Working From Home and Maintaining a Healthy Work-Life Balance
The COVID-19 pandemic has disrupted the status quo, and millions of office workers the world over are now foregoing the virus-ridden close-quarters daily commute. Instead, they’re spending their workdays in the relative safety of their homes.
Working from home can be rewarding, and it certainly does a lot to help with curbing the spread of the coronavirus, but it’s not without its problems. It can be challenging to separate work from home life, especially when children are involved who are also home from school.
Here are a few tips on how you can maintain a healthy work/life balance, keep your sanity, and maintain your previous levels of productivity.
Dress for Work
When you work from home, it can be tempting to lay in bed until the last minute before heading to your desk, a bowl of milk and cereal in hand, while still dressed in your pyjamas.
This is a sure-fire way to ruin your productivity. A daily ritual of dressing for work, even when your commute is now limited to your hallway, can have a substantial psychological impact.
Pyjamas subconsciously put your mind into relaxation mode and say it’s time to take a break from the world. It can be hard to shake this mindset when you sit down at your desk wearing slippers and a dressing gown.
We’re not saying you should be dressing in your usual formal workwear because casual is fine. The act of getting dressed for work, even if it’s shorts and a t-shirt, will put you in the right mindset to focus and get stuff done.
Work Your Normal Hours
Successfully separating your home life from work often means sticking to as close a regular work routine as possible.
It can be tempting to work late into the night, but it’s surprising how quickly this can become your new normal. If you don’t want to become estranged from your family because you’re always at your computer, then stick to a strict work schedule.
Turn the computer off at your normal going home time. If possible, use a separate phone for work, so your home life isn’t constantly interrupted by email and work notifications.
Use the Right Tools
When working from home, you must have the right tools to manage your workflow. A competent client portal, CRM, and inventory management tool are all essential for ensuring your schedule stays on track, and you keep your customers in the loop.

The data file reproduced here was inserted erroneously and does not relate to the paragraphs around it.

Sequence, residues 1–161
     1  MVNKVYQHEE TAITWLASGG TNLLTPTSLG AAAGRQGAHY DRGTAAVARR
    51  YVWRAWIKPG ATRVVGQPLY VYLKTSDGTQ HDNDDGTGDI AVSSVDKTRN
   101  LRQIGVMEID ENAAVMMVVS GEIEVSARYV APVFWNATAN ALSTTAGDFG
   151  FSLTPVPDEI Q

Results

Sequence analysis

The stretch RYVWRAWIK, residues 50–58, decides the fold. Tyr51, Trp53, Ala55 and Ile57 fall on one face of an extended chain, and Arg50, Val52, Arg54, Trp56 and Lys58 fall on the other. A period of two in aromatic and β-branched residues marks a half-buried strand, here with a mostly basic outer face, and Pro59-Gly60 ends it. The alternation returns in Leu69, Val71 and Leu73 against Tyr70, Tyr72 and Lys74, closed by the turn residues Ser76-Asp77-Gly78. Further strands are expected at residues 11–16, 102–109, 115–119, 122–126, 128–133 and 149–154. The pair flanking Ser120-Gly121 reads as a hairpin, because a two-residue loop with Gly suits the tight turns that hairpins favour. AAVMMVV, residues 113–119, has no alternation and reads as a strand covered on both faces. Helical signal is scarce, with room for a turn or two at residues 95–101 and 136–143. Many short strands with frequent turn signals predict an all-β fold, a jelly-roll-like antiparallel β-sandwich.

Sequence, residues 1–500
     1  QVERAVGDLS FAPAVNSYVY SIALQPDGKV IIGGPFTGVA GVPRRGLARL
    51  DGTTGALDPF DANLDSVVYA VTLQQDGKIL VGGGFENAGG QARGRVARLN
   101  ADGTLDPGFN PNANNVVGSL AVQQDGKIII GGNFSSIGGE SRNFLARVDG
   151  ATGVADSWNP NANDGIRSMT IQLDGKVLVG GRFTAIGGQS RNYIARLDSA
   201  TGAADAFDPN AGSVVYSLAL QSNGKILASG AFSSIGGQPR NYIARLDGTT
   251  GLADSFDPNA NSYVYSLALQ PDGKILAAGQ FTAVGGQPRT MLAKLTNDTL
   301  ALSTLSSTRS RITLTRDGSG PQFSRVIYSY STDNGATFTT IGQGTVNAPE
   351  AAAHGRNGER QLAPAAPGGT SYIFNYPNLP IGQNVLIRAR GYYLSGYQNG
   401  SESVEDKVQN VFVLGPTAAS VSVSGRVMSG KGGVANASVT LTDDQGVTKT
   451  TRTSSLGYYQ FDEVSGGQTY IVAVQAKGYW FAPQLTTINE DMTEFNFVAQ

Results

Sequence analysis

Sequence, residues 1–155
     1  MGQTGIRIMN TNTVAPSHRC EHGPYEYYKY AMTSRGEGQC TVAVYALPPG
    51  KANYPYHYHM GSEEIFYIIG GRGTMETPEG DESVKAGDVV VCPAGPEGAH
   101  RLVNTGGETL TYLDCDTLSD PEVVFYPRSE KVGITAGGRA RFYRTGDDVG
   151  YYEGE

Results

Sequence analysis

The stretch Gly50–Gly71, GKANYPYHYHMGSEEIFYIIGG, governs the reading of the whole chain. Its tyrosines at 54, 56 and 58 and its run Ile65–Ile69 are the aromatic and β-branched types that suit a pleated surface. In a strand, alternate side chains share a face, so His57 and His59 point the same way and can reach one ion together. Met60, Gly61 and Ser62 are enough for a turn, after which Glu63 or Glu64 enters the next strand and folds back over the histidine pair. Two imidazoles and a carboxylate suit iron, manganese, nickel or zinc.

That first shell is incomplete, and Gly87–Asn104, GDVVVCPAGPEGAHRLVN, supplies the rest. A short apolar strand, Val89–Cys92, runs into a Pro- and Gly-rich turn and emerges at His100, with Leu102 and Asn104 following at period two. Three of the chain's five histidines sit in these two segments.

Keep a Separate Space Exclusively for Work
If you have the room, create a separate office space that is exclusively for work. It will be even more effective if there’s a door. A closed door tells your family that you are working and the usual rules of a parent at work apply. Being able to put your work area out of view during your time-off will also help keep your work-life nicely separated from family time.
Take Active Breaks
Working in a busy office means you’re regularly getting up from your desk to converse with colleagues, do photocopying, visit the break room, or head out to lunch.
Sitting at your desk at home can often mean uninterrupted hours of inactivity – especially if you’re comfortable. All communications are now online, so there’s no reason for you to get up out of your chair.
Small bursts of activity can improve your levels of productivity. It would help if you also were mindful of making sure you expose yourself to a few minutes of sunlight and fresh air every day for mental and physical health reasons. Use an app to remind you when it’s time to stretch the legs and take a breather.
Working from home, even during times when there’s no pandemic, can be lonely. If you’re at home with your family, be sure to spend quality time together during non-working hours. If you miss the camaraderie of the office, set up a video conference to stay in touch and keep up with the latest gossip. The technology we have today means that there is no reason you can’t enjoy a coffee with your besties, even if you are separated by a few miles.